“Some say that love’s a little boy,
And say it’s a bird,
Some say it makes the world go round,
—W.H. Auden, “O Tell Me the Truth About Love”
Billy Joel’s best songs are so jolting that you can’t help stop what you’re doing and close your eyes. Like the best music, Joel’s begs attention. His storyteller’s lyricism, his piano mastery, and that voice, like stained glass—the kind you see falling off old buildings like Asbury Park’s boardwalk Casino. It’s frosted and brown. A dilapidation that doesn’t mask former grandeur, but assists in its recreation. There is so much beauty to Joel’s abraded spirit. He writes about love’s great hoaxes better than anyone else. He’s fearless on love matters, entirely unafraid of revealing his vulnerabilities and his (sometimes) callousness. He’s sexy and he’s real, and he can turn a phrase as deftly and perfectly as the great poets.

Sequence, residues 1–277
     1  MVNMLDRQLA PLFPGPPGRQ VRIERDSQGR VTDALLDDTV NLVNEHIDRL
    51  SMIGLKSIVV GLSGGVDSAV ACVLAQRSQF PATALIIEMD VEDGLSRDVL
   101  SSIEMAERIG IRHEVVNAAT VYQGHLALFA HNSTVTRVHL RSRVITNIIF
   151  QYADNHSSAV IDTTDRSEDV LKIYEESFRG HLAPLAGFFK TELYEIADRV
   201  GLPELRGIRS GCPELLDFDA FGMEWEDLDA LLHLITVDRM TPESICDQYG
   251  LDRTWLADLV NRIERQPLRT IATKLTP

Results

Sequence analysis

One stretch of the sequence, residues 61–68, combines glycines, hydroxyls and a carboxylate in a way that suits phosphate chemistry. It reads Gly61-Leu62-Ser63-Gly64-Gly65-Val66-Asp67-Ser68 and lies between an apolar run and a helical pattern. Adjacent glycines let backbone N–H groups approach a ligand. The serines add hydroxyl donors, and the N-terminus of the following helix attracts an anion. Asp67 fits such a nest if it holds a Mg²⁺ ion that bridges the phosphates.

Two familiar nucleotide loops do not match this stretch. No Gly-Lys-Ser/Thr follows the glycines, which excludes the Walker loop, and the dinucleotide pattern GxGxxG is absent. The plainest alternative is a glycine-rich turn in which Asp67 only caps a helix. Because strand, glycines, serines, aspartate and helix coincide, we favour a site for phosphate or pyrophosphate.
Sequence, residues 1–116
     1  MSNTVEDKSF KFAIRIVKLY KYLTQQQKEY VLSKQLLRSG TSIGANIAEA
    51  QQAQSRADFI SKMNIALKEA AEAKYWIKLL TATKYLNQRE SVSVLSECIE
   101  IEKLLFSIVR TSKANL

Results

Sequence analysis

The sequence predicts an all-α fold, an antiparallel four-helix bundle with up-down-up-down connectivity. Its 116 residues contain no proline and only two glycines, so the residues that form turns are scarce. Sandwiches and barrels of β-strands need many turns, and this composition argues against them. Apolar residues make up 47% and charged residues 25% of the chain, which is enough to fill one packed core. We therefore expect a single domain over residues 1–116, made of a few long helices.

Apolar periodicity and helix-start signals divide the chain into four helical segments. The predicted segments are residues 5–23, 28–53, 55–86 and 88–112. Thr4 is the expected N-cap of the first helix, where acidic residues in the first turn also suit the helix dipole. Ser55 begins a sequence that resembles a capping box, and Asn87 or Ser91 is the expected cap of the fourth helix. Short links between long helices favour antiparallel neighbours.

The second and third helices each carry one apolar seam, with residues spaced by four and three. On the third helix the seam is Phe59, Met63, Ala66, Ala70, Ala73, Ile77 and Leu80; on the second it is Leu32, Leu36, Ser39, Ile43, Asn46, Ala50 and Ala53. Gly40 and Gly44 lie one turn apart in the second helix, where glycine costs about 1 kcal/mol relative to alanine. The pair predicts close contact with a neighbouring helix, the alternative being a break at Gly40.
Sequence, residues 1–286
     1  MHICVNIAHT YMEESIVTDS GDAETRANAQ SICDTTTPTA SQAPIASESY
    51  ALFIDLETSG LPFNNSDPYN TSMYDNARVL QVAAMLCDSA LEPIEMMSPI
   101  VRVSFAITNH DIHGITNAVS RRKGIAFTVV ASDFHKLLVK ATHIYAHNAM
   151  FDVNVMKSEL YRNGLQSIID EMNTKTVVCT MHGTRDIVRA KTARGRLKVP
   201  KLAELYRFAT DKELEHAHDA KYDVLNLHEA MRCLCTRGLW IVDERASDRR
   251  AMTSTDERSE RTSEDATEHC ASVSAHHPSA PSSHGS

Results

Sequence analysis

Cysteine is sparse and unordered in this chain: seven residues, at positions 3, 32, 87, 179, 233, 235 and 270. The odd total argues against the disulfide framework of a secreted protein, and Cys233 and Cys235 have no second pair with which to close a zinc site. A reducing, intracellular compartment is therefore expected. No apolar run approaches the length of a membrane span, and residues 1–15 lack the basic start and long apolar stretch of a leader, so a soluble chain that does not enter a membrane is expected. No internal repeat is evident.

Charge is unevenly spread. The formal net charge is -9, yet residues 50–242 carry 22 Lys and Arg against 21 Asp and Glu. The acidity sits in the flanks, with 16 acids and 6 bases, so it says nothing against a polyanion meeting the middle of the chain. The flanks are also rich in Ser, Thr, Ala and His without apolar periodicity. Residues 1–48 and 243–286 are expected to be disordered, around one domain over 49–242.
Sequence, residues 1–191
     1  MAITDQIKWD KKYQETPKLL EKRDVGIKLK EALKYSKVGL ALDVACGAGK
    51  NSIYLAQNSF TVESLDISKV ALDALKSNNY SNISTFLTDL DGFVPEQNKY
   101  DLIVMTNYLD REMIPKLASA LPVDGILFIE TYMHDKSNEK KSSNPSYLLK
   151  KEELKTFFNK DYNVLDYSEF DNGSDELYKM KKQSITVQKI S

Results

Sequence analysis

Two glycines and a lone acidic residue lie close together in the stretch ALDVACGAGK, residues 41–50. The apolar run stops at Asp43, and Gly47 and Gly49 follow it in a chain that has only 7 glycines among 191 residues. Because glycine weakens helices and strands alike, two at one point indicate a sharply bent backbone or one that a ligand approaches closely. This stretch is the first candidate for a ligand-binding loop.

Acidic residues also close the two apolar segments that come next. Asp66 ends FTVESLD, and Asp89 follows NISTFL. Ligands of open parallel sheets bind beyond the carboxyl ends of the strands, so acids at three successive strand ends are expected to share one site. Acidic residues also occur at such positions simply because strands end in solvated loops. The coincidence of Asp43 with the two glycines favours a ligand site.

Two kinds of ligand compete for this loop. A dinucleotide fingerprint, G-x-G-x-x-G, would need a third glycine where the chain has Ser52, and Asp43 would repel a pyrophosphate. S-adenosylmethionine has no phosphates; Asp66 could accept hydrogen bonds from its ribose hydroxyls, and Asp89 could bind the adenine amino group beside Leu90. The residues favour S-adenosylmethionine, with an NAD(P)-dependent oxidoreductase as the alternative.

Joel’s new mega box set, My Lives, is stacked with those eye closing moments. Many of which come via a selection of live tracks capturing his blissful vocals in ways that no studio album really can. The purpose of the release is to showcase Joel’s development from his super-early days in The Lost Souls, The Hassles, and Attila, through his superstar solo period in the ‘70s and ‘80s, up to his reinvention as a classical pianist following his retirement from lyrical songwriting in 1993. The set features alternate versions and demos of Joel’s best known materials and collects for the first time his soundtrack contributions, classical work, choice live recordings, and covers. There’s also a live DVD from the “River of Dreams” tour. My Lives reaffirms Joel’s importance as a songwriter, but it’s more than that; it’s a look back, a rediscovery, and a document of the artist as a creator and interpreter.